Praised as a return to form for filmmaker Paul Schrader and a career-best showcase for Ethan Hawke, the drama First Reformed is a thought-provoking (if imperfect) meditation on assorted crises of faith. Hope and despair are the two warring states of emotion here, exposing characters’ constant struggles against the entwined losses of loved ones and, thanks to global warming, the natural beauty of our planet. Schrader, who will almost certainly be nominated for the Best Original Screenplay, occasionally makes heavy-handed missteps in articulating his environmental concerns – anyone who seen the film’s “Magical Mystery Tour” sequence has an idea of what I mean, though they may not share my reaction – but the strength of the acting, the dialogue (including voiceovers) that conveys the inner turmoil of Hawke’s Reverend Toller and the superb cinematography by Alexander Dynan make First Reformed one of the must-see films of the year.
Named for a politically active German Jewish playwright from the 1920s and 30s, the Rev. Ernst Toller of Schrader’s film is yet another of God’s lonely men, a solitary figure who embraces warm conversations when given the opportunity yet rejects help from those who would share more intimate expressions of love and kindness with him. Living in a few sparsely-decorated rooms attached to the humble Dutch Reformed church that he presides over in rural upstate New York, this is a man mired in regret and grief for the son who died as a soldier in Iraq, the tragedy of which caused his marriage to dissolve. Unable to cope with his pain, Toller has turned to the bottle for solace. His alcoholism has in turn caused his body to fall apart as surely as his soul, internal ailments that are eventually mirrored by the external conflict that will also trouble him.
At the beginning of the film, Toller is called on by a local woman, Mary Mensana (Amanda Seyfried), to council her husband Michael (Philip Ettinger, a promising up-and-comer whom I first noticed in last year’s Brawl in Cell Block 99), an environmental activist who is filled with doubt and frustration over humankind’s self-destruction, compounded by the corporate greed that no amount of peaceful protest seems able to stop. Toller slowly comes around to Michael’s line of thinking – the core of which is the simple yet potent question “will God forgive us?” – and Michael’s actions and influence spur Toller to take steps of his own against power structures, chiefly the megachurch run by a gregarious acquaintance, Rev. Jeffers (Cedric the Entertainer, wonderfully cast against type) and a nearby factory’s contemptible CEO, Ed Balq (Michael Gaston), whose money is funding the renovation of Toller’s church for its upcoming 250th anniversary.
Paul Schrader’s strict Calvinist upbringing evidently inspired his decision to write First Reformed as much as climate change did, but the lingering traces of his cinematic muses are visible throughout the film as well. Schrader’s first breakthrough as a critic and historian came with the publication of his 1972 book Transcendental Style in Film: Ozu, Bresson, Dreyer, and I certainly recognized the impact that Bresson’s Diary of a Country Priest and Bergman’s Winter Light had on First Reformed while watching it. As I have also noted with regard to Schrader’s remake of Cat People, his understanding of visual composition is masterful; the images in First Reformed by the aforementioned DP Alexander Dynan are magnificent, not just because of the color palette and camera angles/framing but because of Paul Schrader’s command of mise-en-scène. In this film, empty spaces are as important and symbolic as the arrangements of objects, a physical representation of Reverend Toller’s emotional isolation and the hollowness of his cloistered life. I also appreciate the director’s overt allusions to Taxi Driver, apparent in Toller’s daily journaling of his obsessive thoughts, as well as a scene when Toller drives through his desolate town at night and, most literally, in a moment when he pours some Pepto-Bismol into a glass of liquor à la Travis Bickle’s bubbling Alka-Seltzer tab (itself an homage to Godard’s 2 or 3 Things I Know About Her).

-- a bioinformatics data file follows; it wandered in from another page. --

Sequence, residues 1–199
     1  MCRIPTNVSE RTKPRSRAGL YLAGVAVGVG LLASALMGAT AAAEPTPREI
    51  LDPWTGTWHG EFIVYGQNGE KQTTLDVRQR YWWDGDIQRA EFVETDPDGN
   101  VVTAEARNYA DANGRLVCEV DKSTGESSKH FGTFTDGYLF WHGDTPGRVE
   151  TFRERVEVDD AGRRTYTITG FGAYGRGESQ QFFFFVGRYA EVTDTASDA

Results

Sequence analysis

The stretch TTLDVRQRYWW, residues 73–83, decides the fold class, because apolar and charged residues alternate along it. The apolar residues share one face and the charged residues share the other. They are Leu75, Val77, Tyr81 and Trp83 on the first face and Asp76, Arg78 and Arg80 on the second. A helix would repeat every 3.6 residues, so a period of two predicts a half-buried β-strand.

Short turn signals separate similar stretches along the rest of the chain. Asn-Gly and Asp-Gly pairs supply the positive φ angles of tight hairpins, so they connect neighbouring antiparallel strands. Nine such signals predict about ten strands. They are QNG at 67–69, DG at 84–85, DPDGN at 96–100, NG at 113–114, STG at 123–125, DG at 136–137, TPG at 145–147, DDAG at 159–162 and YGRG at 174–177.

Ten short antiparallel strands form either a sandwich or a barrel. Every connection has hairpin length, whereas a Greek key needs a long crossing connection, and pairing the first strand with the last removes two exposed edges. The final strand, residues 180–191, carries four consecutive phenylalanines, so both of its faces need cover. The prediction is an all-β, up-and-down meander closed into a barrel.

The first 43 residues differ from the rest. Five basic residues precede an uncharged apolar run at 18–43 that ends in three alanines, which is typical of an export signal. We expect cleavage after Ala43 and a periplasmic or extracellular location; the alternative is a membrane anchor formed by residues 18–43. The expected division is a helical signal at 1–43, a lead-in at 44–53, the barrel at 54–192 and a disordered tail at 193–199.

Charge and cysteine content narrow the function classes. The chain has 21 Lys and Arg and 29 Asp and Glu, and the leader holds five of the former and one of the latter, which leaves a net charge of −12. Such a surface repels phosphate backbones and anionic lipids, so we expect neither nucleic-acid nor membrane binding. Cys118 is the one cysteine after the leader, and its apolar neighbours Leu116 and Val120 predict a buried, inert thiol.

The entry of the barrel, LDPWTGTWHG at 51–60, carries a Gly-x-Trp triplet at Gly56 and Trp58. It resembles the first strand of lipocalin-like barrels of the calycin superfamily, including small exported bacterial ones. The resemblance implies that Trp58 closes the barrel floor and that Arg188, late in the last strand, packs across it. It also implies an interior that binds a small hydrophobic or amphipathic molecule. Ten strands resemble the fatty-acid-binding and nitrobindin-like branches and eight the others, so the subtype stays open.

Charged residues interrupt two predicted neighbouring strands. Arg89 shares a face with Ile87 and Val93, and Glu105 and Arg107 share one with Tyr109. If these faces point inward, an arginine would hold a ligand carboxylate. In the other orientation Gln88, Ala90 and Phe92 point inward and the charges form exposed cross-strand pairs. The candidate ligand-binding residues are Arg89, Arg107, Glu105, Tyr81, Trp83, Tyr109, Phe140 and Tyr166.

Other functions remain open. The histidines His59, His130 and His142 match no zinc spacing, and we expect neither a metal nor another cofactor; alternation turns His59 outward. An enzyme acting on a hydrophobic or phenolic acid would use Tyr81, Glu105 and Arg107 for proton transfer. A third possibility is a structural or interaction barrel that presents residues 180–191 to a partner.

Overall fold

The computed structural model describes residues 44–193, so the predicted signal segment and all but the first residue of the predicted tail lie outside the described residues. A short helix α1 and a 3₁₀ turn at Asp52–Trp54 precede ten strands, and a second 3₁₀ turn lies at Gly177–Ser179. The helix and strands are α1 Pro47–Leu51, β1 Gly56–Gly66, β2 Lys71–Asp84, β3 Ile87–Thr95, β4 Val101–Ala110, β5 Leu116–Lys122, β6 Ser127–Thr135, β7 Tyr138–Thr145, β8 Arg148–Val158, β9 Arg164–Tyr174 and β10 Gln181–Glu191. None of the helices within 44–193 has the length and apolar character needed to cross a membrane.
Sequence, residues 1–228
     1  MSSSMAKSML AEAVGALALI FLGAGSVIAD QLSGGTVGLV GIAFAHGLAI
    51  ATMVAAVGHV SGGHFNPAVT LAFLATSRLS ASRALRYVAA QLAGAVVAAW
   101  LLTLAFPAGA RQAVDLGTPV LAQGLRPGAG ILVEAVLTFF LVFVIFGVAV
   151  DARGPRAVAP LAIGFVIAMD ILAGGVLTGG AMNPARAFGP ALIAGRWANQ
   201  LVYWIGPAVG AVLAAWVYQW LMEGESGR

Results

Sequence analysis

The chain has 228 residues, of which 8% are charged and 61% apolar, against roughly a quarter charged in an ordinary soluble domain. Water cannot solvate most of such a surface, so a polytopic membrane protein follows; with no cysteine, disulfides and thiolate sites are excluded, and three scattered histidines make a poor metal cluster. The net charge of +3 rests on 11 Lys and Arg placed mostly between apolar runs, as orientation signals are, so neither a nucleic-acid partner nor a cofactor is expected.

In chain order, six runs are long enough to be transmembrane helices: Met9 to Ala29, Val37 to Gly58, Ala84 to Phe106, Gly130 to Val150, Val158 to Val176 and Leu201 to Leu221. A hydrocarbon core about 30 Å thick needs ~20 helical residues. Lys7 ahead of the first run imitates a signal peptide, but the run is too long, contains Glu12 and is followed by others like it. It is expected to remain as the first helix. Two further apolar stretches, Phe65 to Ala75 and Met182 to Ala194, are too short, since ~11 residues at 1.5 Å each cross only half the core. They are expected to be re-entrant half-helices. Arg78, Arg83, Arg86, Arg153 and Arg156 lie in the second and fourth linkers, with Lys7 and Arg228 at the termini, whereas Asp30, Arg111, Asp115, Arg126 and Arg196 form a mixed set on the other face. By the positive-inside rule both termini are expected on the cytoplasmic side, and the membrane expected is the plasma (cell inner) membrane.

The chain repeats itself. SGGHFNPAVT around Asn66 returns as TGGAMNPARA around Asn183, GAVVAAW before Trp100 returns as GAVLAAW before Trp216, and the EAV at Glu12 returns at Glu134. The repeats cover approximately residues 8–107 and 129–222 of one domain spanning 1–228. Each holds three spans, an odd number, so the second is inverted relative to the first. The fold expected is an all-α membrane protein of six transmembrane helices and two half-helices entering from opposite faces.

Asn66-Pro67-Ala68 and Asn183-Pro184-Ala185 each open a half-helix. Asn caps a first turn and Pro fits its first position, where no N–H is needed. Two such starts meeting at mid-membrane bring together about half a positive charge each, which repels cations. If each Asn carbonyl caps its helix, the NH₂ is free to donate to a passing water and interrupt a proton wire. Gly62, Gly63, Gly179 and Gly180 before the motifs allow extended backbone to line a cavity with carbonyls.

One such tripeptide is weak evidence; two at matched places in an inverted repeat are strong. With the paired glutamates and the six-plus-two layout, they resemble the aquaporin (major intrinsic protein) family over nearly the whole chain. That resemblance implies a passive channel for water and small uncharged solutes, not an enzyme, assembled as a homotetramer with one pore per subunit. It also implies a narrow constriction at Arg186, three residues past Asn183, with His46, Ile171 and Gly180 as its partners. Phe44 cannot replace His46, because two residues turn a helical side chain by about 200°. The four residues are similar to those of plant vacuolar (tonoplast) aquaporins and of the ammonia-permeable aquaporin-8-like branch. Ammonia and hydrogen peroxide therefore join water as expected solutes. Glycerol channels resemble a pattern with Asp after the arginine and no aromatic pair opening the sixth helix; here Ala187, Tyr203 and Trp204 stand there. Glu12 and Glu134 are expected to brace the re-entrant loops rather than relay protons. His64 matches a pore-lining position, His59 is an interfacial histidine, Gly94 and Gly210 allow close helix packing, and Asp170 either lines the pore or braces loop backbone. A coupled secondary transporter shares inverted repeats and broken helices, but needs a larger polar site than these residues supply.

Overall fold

First Reformed’s ending has proved itself to be divisive, and I’m not convinced that it was the optimal way to bring the story to a close, but in truth I respected it more when I heard Paul Schrader’s take on moviegoers’ two possible interpretations of the final scene during the post-film Q&A (the screening I attended was at the Museum of Modern Art, where both Schrader and Hawke spoke). I stand by my distaste for some of the film’s clunkier “We Are the World”-isms, and I also thought Amanda Seyfried was perhaps not the best casting choice for Mary – yes, that name is as symbolic as you imagine – but my problem with the latter is not so much with Seyfried’s acting (since I enjoy her work in general) as with the dull lines that Schrader wrote for her. Still, if First Reformed is viewed fundamentally as a display for Ethan Hawke, who is guaranteed a Best Actor Oscar nomination for his sensitive, nuanced and multilayered performance, then it is indeed a great cinematic success. Ever since he was a teenager in Dead Poets Society, Hawke has shown a remarkable ability to illustrate the coexistence of vulnerability and fortitude, and he continues to uncover new ways to demonstrate this tender balancing act with intelligence and grace.